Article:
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Part II.

-- Nonresident Aliens and Foreign Corporations

Subpart A. -- Nonresident Alien Individuals

Section 872. -- Gross Income

(Also Section 883, 894.)

26 CFR 1.872-2. Exclusions from gross income of nonresident

alien individuals

(Also 26 CFR 1.883-1.)

Rev. Rul. 2001-48

PURPOSE

The purpose of this revenue ruling is to assist foreign

persons who derive income from the international operation of

ships or aircraft in determining whether such income is exempt

from U.S. taxation under section 872(b) or 883(a) of the Internal

Revenue Code of 1986, by providing a current list of countries

that grant United States persons equivalent exemptions from tax

for various categories of income from the international operation

of ships and aircraft. This revenue ruling modifies and

supersedes Rev. Rul. 89-42, 1989-1 C.B. 234, as supplemented by

Rev. Rul. 97-31, 1997-2 C.B. 77.

Section 872(b) of the Code provides that gross income shall

not include income from the international operation of a ship or

ships or aircraft, and such income shall be exempt from U.S.

Federal income taxation, if the income is derived by an


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individual resident of a foreign country, and such foreign

country grants an equivalent exemption to individual residents of

the United States. Section 883(a) provides a similar exemption

for such income derived by corporations organized in a foreign

country that grants an equivalent exemption to corporations

organized in the United States. For purposes of sections 872(b)

and 883(a), a foreign country may grant an equivalent exemption

from tax through an exchange of diplomatic notes or other

agreement, by not imposing a tax on income from the international

operation of ships or aircraft, or by a decree or specific

statutory exemption.

Part A of Table I provides a list of the countries that

grant exemptions through diplomatic notes exchanged with the

United States.

Part B of Table I provides a list of the countries for which

the Service has determined, upon examination of their domestic

law, that an equivalent exemption is granted by statute or

decree, or by not imposing a tax on income from the international

operation of ships or aircraft. This determination is made on a

country-by-country basis and relies upon information submitted to

the Internal Revenue Service by the foreign country regarding the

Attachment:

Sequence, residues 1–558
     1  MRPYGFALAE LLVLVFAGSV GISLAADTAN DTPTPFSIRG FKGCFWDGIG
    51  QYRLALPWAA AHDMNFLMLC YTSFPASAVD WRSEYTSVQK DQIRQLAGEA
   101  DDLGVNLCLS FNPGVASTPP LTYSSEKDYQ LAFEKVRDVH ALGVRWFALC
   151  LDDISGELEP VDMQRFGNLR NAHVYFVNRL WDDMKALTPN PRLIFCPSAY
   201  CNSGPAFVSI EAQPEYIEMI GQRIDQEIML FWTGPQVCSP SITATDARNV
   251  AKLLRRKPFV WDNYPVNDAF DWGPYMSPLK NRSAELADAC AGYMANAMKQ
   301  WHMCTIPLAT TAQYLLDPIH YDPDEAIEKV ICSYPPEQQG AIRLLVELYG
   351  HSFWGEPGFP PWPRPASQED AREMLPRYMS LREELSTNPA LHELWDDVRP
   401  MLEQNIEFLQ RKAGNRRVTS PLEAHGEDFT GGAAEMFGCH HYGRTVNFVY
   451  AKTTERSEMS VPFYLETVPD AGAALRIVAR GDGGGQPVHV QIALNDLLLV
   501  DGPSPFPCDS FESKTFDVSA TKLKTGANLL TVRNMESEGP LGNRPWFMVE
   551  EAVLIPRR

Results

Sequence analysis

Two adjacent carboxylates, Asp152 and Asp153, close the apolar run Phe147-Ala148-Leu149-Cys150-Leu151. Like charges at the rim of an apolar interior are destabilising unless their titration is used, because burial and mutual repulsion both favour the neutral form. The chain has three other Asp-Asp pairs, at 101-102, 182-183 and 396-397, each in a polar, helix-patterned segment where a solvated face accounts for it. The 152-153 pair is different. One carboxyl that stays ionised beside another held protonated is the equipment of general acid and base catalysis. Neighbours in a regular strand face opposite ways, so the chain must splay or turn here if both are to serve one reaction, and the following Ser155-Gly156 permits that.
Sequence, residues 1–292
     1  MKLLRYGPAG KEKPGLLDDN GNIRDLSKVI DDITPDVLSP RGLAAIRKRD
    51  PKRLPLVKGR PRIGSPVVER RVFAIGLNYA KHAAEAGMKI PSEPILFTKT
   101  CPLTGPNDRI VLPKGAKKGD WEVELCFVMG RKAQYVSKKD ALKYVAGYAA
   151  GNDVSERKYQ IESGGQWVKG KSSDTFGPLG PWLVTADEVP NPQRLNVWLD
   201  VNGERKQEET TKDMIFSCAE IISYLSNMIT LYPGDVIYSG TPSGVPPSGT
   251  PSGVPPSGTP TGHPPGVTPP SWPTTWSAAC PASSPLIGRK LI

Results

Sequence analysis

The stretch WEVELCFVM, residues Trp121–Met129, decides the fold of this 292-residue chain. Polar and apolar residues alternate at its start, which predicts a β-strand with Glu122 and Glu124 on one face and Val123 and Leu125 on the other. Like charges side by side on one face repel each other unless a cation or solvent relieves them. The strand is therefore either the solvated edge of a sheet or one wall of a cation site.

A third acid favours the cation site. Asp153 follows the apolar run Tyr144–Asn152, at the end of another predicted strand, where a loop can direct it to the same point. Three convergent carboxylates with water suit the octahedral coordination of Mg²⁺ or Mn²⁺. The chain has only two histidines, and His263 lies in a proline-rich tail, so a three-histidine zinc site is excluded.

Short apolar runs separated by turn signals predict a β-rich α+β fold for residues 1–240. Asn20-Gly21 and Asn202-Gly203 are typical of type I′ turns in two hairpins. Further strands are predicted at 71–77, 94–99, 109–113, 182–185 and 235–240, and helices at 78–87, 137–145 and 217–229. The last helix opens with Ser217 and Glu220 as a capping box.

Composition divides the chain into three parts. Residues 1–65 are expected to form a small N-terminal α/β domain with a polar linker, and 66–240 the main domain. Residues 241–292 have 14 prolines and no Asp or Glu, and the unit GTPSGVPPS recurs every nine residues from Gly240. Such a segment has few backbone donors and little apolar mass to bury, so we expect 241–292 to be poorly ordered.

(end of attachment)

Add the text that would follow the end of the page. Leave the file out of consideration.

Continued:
foreign law in effect at the time of the submission. The date of

the Service's review is reflected in the first column of Part B

of Table I. Since its initial review, the Service has not

attempted to determine whether any of the foreign laws of the

countries listed in Part B of Table I have been amended or

repealed. Therefore, taxpayers should independently verify the


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accuracy of the information in Part B of Table I at such time

that a determination is relevant.

Part B of Table I does not represent an exclusive list of

countries the domestic law of which provides an equivalent

exemption. Other countries that have not submitted the

information necessary for the Service to make a determination

also may grant an equivalent exemption. In those cases, an

individual resident of, or a corporation organized in, such a

foreign country may be treated as a resident of, or a corporation

organized in, a foreign country that grants an equivalent

exemption, even though the foreign country is not included in

Part B of Table I. Consistent with past practice, the Service

will entertain a request from a foreign government to determine

whether the domestic law of the country provides an equivalent

exemption. Accordingly, taxpayers may seek to have the relevant

foreign government request a determination that the particular

country qualifies as an equivalent-exemption jurisdiction.

Table II provides a list of countries that grant an

exemption under the shipping and aircraft article or capital

gains article of an income tax convention to which the United

States is a party. Table II is provided to assist a foreign

corporation organized in one of the countries listed in Table I

in demonstrating that it also meets the ownership requirements of

section 883(c). In general, a foreign corporation can

demonstrate that it meets the ownership requirements of section

883(c) if the corporation can show that more than 50 percent of

the value of the stock of the corporation is owned by individuals


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who are residents of countries that grant an equivalent exemption

to corporations organized in the United States. For the sole

purpose of determining if an individual shareholder’s country of

residence grants an equivalent exemption for purposes of section

883(c), a foreign country will also be considered to grant an

equivalent exemption if it grants such an exemption through an

income tax convention with the United States.

Accordingly, Table II is relevant only in determining

whether a shareholder of a foreign corporation seeking an

exemption from tax under section 883 is a shareholder that